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The Secretary of State for Children, Schools and Families (Ed Balls): I am today laying before Parliament, with the Secretary of State for Innovation, Universities and Skills, the joint command paper (Cm 7281) Confidence in Standards: Regulating and Developing Qualifications and Assessment. Copies have been placed in the Libraries of both Houses.
On 26 September I announced that the Government would establish an independent regulator of qualifications and tests in England. The Office of the Qualifications and Examinations Regulator will be the guardian of standards across the tests and qualifications systems, building on the regulatory work of the Qualifications and Curriculum Authority over the last 10 years. Confidence in Standards sets out the detail of these proposals and our plans to establish a development agency for curriculum, assessment and qualifications which will take forward the non-regulatory functions of the QCA. We are confident that these plans will give the public greater confidence in the standards of qualifications and assessments.
Our Departments have launched a consultation on these proposals. The consultation materials are available from the DCSF website at: www.dcsf.gov.uk/consultations/. This consultation will run until 10 March 2008.
We have long recognised the contribution made by faith groups to local communities, in terms of charitable activity, social action, community cohesion, support in emergencies, as well as their spiritual and religious role.
We want to take this opportunity to reflect on how Government should support this, where and in what circumstances interfaith works best and how we can work in partnerships with faith and non-faith based communities and organisations.
This consultation is part of the Governments response to the independent Commission on Integration and Cohesions report Our Shared Future which set out a number of practical recommendations on how to build cohesion and a shared sense of belonging. The report outlined the important role that inter faith activity plays in building integration and cohesion, as well as the need for more constructive conversations between those of faith and those of none.
Understand how to best build confidence in the benefits of partnership working and develop a greater understanding of the contribution that faith communities can make;
discover to what extent local authorities and other public bodies are already working with faith communities;
understand better the structures that aid interaction and social action and how can these be best developed;
learn about some of the barriers to inter faith activityespecially to the involvement of women and young peopleand how we might best work together to overcome these;
look at what actions are needed to widen and deepen inter faith dialogue and social action.
The Minister for Local Government (John Healey): I have today published a summary of responses received in response to the Governments stakeholder consultation document Modernising Empty Property Relief, and have placed a copy in the Libraries of both Houses.
The Governments proposals for reforms to empty property relief were part of a package of measures introduced in the Budget to help incentivise the efficient use of land, to help increase the supply of commercial property and to reduce costs for businesses. The Government consider that the reforms provide a strong incentive for owners to re-use, re-let or redevelop their empty shops, offices and factory buildings, and so improve access to property and reduce rents for businesses. The Rating (Empty Properties) Act 2007, which received Royal Assent on 19 July, gave effect to these reforms, and set a revised empty property rate of 100 per cent. of the basic occupied rate.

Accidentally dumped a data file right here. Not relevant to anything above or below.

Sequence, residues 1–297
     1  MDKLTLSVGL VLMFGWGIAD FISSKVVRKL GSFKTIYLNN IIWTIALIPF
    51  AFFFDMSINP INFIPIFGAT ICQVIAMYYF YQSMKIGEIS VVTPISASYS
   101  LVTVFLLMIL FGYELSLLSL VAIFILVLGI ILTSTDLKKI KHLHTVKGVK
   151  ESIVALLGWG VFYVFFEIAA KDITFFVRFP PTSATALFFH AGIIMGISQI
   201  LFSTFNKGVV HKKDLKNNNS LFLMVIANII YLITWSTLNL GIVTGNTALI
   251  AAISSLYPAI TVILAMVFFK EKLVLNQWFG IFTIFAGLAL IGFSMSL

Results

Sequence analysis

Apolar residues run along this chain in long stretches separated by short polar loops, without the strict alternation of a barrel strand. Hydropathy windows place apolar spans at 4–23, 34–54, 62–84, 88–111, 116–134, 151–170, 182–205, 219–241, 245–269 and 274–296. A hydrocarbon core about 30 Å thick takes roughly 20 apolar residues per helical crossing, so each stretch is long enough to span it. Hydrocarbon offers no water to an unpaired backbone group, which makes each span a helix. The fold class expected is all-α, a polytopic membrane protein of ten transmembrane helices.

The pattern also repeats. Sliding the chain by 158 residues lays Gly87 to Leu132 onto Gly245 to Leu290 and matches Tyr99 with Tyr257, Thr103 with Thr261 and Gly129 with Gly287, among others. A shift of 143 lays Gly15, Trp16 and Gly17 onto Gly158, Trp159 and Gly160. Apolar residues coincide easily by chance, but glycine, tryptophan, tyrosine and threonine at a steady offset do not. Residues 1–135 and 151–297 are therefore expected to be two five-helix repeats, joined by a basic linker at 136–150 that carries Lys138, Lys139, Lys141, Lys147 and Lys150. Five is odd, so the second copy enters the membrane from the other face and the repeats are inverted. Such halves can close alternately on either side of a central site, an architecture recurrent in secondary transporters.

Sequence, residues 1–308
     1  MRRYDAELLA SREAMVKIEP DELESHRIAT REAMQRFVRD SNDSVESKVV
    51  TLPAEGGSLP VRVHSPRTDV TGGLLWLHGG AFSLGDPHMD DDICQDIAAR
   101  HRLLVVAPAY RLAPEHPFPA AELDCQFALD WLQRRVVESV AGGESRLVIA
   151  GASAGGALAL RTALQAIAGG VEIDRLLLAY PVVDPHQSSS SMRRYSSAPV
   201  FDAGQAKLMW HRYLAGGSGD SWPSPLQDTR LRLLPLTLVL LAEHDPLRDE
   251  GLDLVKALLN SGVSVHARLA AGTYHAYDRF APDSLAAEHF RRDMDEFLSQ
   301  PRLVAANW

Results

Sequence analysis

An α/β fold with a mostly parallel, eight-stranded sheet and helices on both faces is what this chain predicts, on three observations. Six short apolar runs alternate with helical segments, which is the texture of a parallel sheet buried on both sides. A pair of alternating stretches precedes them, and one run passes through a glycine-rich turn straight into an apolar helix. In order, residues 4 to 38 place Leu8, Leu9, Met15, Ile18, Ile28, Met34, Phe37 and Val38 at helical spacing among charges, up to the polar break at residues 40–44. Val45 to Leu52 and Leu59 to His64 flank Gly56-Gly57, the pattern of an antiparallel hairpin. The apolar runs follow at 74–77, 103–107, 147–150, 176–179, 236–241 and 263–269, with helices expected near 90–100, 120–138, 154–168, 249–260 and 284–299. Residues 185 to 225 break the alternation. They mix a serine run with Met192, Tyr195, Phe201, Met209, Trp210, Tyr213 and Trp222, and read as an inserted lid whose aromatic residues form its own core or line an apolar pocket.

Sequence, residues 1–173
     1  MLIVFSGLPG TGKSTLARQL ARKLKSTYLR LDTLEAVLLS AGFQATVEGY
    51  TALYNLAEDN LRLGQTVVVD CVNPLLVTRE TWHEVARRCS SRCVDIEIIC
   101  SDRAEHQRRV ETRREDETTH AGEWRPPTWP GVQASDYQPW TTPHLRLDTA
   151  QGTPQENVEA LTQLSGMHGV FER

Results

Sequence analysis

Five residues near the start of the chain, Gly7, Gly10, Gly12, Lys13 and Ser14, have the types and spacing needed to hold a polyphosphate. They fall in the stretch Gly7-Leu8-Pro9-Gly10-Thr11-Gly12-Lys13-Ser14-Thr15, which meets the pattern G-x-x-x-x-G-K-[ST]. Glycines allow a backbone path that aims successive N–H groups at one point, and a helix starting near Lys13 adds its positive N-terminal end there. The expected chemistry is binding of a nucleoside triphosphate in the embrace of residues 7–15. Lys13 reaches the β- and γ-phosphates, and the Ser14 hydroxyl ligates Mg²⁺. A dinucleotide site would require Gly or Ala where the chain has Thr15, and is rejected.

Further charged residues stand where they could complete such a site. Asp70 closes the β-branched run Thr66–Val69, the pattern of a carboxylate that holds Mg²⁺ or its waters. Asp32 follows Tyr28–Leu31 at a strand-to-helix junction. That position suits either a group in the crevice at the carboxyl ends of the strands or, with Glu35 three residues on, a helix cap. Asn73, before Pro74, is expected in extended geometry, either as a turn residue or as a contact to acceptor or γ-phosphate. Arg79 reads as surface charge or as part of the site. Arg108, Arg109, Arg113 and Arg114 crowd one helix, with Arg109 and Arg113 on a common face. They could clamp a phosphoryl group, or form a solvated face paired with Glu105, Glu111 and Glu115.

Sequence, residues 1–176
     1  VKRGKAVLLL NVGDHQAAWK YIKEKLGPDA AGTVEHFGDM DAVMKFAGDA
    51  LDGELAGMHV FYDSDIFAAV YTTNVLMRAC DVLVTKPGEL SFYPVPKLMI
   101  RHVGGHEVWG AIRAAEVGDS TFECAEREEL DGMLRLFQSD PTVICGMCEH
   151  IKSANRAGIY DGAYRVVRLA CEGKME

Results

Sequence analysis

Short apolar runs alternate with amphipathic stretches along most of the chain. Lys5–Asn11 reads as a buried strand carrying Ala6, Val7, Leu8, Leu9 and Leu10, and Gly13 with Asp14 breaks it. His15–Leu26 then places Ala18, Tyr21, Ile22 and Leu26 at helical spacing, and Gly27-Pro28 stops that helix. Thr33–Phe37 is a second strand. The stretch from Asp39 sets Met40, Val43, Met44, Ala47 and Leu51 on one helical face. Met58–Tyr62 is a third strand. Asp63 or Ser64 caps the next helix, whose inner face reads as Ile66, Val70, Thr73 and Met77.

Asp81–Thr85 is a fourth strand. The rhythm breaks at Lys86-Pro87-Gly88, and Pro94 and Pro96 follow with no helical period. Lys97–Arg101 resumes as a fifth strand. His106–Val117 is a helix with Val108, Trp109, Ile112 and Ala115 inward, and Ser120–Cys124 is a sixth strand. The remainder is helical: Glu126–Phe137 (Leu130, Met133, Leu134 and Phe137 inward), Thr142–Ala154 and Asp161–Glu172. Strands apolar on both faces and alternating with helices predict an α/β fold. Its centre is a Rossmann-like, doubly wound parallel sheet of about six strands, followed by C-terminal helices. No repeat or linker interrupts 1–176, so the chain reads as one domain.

The consultation document sought views on whether the existing permanent exemption from empty property rates available to listed buildings and those with a statutory protection should continue, or whether it should be varied. I have concluded that, on the available evidence, there can be a greater degree of work involved in bringing empty listed properties back into beneficial use compared to other properties and that the evidence supports such properties continuing to benefit from an exemption from empty property rates.
I have also concluded that companies in administration should benefit from a permanent exemption from empty property rates. This will bring them into line with companies that are in liquidation and individuals subject to bankruptcy proceedings. We are committed to the promotion of a rescue culture which provides opportunities for insolvent companies that have viable underlying businesses to be rescued wherever possible. A permanent exemption will remove any potential for decisions about whether to enter administration to be distorted by differences in rates liability.
I have considered carefully the responses to the consultation document about the potential risk of owners of empty property taking measures to avoid payment of rates on their property. The Rating (Empty Properties) Act 2007 gave the Secretary of State, and the Welsh Ministers, the power to make regulations to tackle any such activity. The consultation document set out a number of options as to how such regulations might be constructed if the Secretary of State were minded to make them.
There was a substantial body of comment about the proposed measures. I have concluded, on the basis of those responses, that the likely incidence of avoidance activity following the introduction of the reforms to empty property relief is low. It would be an extreme step for a property owner to go to the lengths of deliberately vandalising a potentially valuable asset so
that it is beyond economic repair. This view was expressed by a number of respondents to the consultation document.
Having taken account of all the responses, I have concluded that the existing circumstances do not warrant the introduction of anti-avoidance regulations at this stage. However, I am clear that, if it appears that there is evidence of measures being taken by owners of empty property to avoid payment of empty property rates, the Government will not hesitate to use their powers. We will work with the Local Government Association, the Valuation Office Agency and the Institute of Revenues Rating and Valuation to monitor the impact of the reforms and assess whether regulations should be introduced in the future.
We are now working on drafting the relevant secondary legislation to give effect to our reforms on empty property relief. This includes introducing the new six-month exemption from empty property rates for vacant industrial and warehouse properties, as announced in the 2007 Budget. We intend to lay this secondary legislation before Parliament so that all aspects of our reforms to empty property relief can come into effect on 1 April 2008.
The Minister for Housing (Yvette Cooper): I am today announcing publication of the new Planning Policy Statement (PPS): Planning and Climate Change and a consultation draft of the new PPS: Planning for Sustainable Economic Development. Copies will be placed in the Libraries of both Houses.